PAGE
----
Valladolid is definitely not about the quality or quantity of its sights even though there are a few. This is a town to simply stroll around in, admire the gorgeous colonial architecture, people watch and sample some authentic Yucatan cuisine. Once that gets too sweaty, visit Cenote Zaci, a cool water sinkhole located right in the middle of town to cool off.
Visit the cathedral and Main Square – The main square of Valladolid is charming. It’s a simple green space where food and handicraft vendors and locals gather in the evenings to socialise and eat ice cream. It’s framed on all four sides by large, colourful colonial buildings that reek history and elegance. Here you’ll also find the main cathedral of Valladolid which is the iconic structure of the town. Look closely at the ancient stonework that looks like it hasn’t changed at all in the last few hundred years.
Eat some Mexican food – If you’re after some authentic Mexican and moreover Yucatan food, Valladolid won’t disappoint. Grab a snack of corn on the cob with mayo in the central plaza, or sample the local tacos or tortas from one of the many street food stalls. If you aren’t vegetarian, Valladolid’s speciality is the local chorizo which can be bought at the local market or tried in any local restaurant. Food in Valladolid is authentic, vibrant, tasty but also heavy and not too healthy or plant-based friendly. For my personal favourites check the listings above.
Visit La Casona de Valladolid – La Casona is located in a beautiful colonial building and is worth a stop just to admire the architecture and vibrant paintwork. The house is actually a cultural centre and restaurant all in one, where you can sample some authentic Yucatan food in a spectacular daily buffet. The main attraction here is at the back of the centre – a 7-metre high altar decorated in thousands of colourful ceramics. Even if you aren’t religious, you have to admire the craftsmanship and artistry here- It’s a truly astounding work of art.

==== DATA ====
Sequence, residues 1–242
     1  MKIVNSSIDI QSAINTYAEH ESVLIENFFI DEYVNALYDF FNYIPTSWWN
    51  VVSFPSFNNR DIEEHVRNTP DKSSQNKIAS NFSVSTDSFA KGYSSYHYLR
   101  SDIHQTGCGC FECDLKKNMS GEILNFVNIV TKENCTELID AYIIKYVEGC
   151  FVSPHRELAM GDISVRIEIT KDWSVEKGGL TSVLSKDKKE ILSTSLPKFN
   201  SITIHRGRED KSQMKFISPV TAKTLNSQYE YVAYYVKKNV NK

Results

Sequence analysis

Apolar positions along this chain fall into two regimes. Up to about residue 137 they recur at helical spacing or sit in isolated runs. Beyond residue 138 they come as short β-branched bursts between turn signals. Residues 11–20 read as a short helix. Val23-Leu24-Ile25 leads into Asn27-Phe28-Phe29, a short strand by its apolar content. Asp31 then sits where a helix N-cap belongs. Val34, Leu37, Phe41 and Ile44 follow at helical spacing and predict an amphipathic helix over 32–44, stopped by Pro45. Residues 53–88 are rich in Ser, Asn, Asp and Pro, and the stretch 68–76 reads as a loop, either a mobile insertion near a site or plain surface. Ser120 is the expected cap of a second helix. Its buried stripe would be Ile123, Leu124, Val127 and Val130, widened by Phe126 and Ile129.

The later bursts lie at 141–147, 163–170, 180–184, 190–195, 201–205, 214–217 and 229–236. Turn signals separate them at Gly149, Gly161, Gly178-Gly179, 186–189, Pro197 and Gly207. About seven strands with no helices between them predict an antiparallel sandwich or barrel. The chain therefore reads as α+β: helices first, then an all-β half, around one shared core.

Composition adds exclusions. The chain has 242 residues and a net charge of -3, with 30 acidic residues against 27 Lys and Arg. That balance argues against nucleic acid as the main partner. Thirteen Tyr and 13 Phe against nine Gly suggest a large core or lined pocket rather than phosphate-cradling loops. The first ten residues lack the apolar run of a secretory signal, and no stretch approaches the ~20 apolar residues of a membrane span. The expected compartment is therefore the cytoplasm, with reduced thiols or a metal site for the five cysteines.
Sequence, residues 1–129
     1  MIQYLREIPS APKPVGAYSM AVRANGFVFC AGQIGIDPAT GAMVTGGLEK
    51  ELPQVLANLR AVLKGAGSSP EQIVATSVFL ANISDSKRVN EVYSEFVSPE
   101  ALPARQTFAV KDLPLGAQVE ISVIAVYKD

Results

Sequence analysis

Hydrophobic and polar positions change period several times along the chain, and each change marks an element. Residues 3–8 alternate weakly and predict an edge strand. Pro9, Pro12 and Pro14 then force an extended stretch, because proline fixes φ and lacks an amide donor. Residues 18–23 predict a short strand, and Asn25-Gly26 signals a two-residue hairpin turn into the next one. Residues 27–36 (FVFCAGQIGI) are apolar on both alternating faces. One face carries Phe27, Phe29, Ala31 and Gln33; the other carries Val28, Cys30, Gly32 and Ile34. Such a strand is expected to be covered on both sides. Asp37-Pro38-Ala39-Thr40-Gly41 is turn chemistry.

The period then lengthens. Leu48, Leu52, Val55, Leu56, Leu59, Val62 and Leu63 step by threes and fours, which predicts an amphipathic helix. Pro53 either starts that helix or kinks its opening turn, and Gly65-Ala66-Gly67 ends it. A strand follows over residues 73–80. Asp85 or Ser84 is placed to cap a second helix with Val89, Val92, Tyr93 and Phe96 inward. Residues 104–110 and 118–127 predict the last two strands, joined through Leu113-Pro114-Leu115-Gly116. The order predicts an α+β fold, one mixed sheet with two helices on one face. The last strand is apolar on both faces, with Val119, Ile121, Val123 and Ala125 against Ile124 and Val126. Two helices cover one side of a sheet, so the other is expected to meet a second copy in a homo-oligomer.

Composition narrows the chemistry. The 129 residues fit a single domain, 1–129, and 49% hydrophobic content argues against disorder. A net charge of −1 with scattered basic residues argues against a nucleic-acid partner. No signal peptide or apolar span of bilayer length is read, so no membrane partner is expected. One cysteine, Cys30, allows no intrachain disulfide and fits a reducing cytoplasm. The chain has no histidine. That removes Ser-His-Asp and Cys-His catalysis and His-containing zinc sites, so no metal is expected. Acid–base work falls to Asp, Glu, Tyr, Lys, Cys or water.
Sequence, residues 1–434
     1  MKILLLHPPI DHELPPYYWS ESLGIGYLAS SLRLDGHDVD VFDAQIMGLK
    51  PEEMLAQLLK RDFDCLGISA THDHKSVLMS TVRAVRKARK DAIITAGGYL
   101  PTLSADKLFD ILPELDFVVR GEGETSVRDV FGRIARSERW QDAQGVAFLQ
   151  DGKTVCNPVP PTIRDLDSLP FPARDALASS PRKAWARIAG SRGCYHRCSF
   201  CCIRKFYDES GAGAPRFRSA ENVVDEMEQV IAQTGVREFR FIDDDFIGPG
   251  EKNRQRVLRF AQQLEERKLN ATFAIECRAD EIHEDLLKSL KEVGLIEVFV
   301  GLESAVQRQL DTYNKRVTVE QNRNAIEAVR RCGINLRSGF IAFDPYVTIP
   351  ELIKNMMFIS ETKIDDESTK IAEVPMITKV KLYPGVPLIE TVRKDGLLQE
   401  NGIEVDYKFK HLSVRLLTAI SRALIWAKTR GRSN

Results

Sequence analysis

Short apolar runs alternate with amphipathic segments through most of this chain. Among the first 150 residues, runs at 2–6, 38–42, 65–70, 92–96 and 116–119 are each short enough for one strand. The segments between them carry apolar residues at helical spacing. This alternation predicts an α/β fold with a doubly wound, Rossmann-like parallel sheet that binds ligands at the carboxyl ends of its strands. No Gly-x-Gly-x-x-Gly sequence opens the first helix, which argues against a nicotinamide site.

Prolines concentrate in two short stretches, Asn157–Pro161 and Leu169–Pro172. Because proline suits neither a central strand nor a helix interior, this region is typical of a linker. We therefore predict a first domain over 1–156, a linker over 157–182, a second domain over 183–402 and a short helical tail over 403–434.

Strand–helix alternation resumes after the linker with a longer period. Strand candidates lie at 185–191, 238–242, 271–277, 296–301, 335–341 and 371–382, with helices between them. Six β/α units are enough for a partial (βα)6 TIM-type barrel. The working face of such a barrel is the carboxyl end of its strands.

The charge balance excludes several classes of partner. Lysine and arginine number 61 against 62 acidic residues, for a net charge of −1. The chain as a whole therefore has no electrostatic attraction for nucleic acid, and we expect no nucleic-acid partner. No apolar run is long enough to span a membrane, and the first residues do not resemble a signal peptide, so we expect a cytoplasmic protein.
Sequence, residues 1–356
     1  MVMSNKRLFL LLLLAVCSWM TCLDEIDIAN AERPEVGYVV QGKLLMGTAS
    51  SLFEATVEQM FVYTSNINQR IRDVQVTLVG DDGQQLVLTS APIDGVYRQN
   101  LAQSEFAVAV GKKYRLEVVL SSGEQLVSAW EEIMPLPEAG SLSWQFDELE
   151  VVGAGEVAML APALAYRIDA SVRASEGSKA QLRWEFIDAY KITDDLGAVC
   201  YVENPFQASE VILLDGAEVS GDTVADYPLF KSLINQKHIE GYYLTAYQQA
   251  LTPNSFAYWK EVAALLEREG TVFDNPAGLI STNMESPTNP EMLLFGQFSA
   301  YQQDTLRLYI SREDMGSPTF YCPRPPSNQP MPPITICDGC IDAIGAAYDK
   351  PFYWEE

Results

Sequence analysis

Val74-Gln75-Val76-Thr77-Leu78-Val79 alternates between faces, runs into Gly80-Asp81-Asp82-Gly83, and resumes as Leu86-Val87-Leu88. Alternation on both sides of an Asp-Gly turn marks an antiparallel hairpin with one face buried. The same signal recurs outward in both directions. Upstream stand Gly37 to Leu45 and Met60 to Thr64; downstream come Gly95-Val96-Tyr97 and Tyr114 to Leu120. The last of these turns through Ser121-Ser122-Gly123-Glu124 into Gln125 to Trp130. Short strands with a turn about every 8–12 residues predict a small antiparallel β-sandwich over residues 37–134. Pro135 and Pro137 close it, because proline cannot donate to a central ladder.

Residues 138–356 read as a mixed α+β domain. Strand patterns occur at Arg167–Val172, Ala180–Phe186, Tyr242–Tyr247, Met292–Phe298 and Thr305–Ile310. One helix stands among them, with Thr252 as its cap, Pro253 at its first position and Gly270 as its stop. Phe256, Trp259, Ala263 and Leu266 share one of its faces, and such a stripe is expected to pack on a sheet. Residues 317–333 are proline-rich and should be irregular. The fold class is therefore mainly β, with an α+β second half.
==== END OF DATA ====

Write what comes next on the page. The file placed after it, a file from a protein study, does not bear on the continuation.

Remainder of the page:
Talk a walk on Calle de Los Fraises – Calle de Los Fraises is without a doubt the prettiest street in Valladolid and this would be the ultimate Valladolid travel guide without its mention. Filled with hundreds-of-years old colourful, colonial houses, cobbled streets, and the prettiest street corners adorned by potted plants, you’ll find the colonial buildings have now been transformed into boutiques, trendy cafes, restaurants, and hotels. There’s not much to do here but stroll down the mostly pedestrian street, admire the architecture and history and savour that truly magical Mexican atmosphere. Stopping in to refuel at one of the cafes or restaurants would also be a good idea.
Visit the convent – At the end of Calle de Los Fraises, you’ll find the striking San Bernardino de Siena convent, another of Valladolid’s quaint landmarks. The convent and the church are both well looked after and full of history, culture and fine architecture. It’s worth the small fee to enter the oldest parts of the convent to learn more about the history of the area and the people who lived here. At 9 pm every night, don’t miss the light show that happens in the vast gardens in front of the structure. The history of Valladolid is projected onto the building in a variety of colourful images, videos and stories. Arrive at 9 pm for the Spanish version, followed by the English version at 9.20 pm.
Cenote Zaci – For a cenote experience without having to leave the centre of Valladolid, head to Cenote Zaci. This huge, open cenote, filled with tourists and locals alike, is the perfect place to go for a cool, refreshing dip after a long day of exploring. It’s especially beautiful when they turn on the running water and a stream drops down into the water from the opening of the cave, like a waterfall. As this is a popular spot, the best time to visit is when it opens at 9 am or, just before it closes at 5 pm.
Planning a trip to Valladolid and have any questions about this travel guide? Leave your comments and questions below and I’ll get back to you.